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Marijuana considered as ‘socially accepted’ as alcohol, but can still pose risks

Bob Marley did it. So did Michael Phelps. Even President Barack Obama admitted to having inhaled the stuff, admitting quite frankly that “that was the point,” as MSNBC reported in November 2007.

So what exactly is all the fuss about pot?

Over the years America’s extended prohibition on marijuana has repeatedly failed to curb people’s love of weed, especially on college campuses where illegality has become an unavoidable yet trifling irritation.

In fact, using marijuana has become an American tradition second only to that of drinking alcohol. According to a study conducted by the National Center on Addiction and Substance Abuse at Columbia University in 2005, 33.3 percent of college students reported using marijuana during the previous year.

Though marijuana has often been given a bad reputation with claims that it is dangerous and a gateway drug to other, more addictive and dangerous, substances, college students continue to smoke weed as a way to relax the mind and body. Some even view it as a safer alternative to the legal intoxicant alcohol.

“Alcohol makes you more uninhibited whereas weed just makes you feel lazy and tired,” said Alexa Ferra, a sophomore majoring in public relations. “With alcohol, there’s more of a chance that you do something crazy.”

But for others, marijuana poses a threat to the health and safety of college students, who are susceptible to peer pressure and abusive patterns of drug use.

According to Howard A. Liddle, a professor of psychology and director of the University of Miami’s Center for Treatment Research on Adolescent Drug Abuse, marijuana can be just as dangerous as other drugs because it has become so socially acceptable, a comparison he makes to alcohol and binge drinking.

“Many researchers believe that changes [in the brain]place a person at greater risk of becoming addicted to other drugs such as heroin or cocaine,” Liddle said. “We ought to be much more worried about drugs such as marijuana, a drug that many parents of today’s teens tried or used.”

Some argue that the nature of alcohol and its effects on the body make it a more dangerous form of social recreation than passing a joint.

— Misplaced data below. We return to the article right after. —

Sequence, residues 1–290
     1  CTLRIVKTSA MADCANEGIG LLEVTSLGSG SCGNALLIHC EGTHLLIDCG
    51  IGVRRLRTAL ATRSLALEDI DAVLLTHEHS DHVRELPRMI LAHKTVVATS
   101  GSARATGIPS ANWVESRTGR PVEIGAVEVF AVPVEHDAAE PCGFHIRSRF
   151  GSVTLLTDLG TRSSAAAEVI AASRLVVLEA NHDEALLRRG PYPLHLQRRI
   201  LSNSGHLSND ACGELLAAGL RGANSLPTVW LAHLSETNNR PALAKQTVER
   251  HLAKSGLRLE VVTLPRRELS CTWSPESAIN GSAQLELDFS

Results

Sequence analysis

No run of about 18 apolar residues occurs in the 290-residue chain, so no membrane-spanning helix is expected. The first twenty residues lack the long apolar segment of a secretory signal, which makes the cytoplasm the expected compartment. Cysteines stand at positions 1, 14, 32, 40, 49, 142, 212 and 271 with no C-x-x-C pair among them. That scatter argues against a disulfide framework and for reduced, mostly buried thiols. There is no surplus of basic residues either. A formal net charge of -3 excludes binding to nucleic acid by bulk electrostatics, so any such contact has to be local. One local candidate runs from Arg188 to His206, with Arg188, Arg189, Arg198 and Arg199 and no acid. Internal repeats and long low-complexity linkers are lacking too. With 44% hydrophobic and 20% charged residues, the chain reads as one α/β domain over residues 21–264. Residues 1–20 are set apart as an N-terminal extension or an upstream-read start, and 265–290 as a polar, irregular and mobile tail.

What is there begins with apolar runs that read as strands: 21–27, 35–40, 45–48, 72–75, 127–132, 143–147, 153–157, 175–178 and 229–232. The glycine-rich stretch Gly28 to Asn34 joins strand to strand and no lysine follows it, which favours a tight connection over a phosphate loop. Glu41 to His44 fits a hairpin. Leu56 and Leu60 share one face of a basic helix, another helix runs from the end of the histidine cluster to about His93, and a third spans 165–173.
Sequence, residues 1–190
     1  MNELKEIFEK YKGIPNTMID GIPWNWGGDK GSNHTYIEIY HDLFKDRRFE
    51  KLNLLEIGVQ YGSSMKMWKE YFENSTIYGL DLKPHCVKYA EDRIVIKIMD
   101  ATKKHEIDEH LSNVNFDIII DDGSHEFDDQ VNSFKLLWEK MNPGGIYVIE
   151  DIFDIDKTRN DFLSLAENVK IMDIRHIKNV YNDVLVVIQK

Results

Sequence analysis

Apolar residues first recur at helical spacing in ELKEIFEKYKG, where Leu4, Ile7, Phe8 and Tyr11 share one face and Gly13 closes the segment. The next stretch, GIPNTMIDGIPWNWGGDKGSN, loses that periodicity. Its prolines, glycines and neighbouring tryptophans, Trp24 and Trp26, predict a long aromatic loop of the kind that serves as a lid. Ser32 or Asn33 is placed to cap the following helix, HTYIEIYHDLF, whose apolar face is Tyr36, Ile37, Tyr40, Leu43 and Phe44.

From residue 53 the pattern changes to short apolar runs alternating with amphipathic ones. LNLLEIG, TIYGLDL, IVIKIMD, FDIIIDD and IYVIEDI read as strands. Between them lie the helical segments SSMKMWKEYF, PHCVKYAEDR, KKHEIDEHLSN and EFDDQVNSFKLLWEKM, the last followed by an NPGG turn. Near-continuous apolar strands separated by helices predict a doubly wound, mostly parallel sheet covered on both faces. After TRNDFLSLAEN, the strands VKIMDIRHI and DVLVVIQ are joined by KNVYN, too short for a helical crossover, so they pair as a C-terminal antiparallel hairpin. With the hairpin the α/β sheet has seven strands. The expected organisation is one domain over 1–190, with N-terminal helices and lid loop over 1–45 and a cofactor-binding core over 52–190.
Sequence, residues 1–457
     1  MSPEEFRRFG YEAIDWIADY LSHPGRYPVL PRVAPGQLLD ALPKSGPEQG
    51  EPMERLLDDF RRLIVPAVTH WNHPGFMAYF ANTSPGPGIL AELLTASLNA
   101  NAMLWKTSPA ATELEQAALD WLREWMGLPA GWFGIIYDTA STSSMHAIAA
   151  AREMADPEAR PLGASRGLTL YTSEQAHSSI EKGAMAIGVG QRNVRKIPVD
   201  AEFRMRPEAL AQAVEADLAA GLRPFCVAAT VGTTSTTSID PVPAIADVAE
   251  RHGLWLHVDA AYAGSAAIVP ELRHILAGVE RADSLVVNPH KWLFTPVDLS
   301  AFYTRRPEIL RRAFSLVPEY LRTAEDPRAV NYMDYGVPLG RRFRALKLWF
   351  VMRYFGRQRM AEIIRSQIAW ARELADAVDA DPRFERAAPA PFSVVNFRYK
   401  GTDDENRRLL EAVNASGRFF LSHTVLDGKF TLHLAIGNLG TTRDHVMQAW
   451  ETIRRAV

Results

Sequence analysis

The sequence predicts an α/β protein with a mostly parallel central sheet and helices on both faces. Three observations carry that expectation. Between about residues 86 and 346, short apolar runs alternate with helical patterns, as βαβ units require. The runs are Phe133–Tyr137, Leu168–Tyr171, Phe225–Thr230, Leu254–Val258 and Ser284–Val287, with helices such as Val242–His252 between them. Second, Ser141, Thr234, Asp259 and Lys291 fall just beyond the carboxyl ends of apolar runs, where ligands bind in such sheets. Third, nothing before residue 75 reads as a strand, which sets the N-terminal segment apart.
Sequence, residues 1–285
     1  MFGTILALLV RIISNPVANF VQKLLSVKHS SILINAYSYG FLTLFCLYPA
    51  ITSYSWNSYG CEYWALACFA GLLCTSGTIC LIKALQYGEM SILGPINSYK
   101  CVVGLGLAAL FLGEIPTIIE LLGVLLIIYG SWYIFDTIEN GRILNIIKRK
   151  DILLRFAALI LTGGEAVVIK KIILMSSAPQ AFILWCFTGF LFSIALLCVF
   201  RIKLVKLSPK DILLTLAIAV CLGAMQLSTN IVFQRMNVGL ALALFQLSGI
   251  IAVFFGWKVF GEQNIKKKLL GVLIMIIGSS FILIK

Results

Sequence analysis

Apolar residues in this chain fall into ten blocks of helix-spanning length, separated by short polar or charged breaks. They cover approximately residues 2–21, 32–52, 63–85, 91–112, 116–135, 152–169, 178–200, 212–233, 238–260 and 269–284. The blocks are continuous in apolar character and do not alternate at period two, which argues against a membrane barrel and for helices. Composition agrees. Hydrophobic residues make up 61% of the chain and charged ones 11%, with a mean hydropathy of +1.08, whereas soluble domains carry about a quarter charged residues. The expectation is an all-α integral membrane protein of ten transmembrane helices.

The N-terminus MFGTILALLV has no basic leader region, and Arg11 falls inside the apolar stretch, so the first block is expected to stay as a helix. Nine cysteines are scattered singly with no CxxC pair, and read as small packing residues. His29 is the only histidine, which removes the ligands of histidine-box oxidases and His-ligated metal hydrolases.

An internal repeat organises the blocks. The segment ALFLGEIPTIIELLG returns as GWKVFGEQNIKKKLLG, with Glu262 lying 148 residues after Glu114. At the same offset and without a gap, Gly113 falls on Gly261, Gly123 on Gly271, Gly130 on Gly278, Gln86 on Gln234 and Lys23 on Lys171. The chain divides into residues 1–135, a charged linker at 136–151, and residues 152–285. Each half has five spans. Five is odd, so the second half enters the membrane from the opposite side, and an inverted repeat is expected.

Despite the physiological concerns, some still feel it should be an individual’s right to choose what they put in their bodies.

“I think marijuana should be legalized,” said Luis Reyes, a sophomore at Florida International University. “The government might not do it because its part of the culture to keep it illegal, but a lack of appropriate information for people has led them to exaggerate the dangers of it.”

But while Bob Marley believed that “herb is the healing of a nation,” sophomore Zach Parnas said that college students should remember self-awareness.

“The way you conduct yourself is important,” Parnas said. “It’s not really about responsibility or even about how your actions may be impacting others, but how you’re impacting yourself.”

Marijuana Myths According to the Drug Policy Alliance Network

Myth: Marijuana can cause permanent mental illness

Myth: Marijuana is more potent today than it was in the past.

Myth: Marijuana offenses are not severely punished.

Myth: Marijuana is more damaging to lungs than tobacco.

Top 5 Myths According to the Office of National Drug Control Policy

Myth No. 1: Marijuana is harmless.

Myth No. 2: Marijuana is not addictive.

Myth No. 3: Marijuana is not as harmful to your health as tobacco.

Myth No. 4: Marijuana makes you mellow.

Myth No. 5: Marijuana is used to treat cancer and other diseases.

March 29, 2009

Reporters

Jessica Macias

Contributing News Writer


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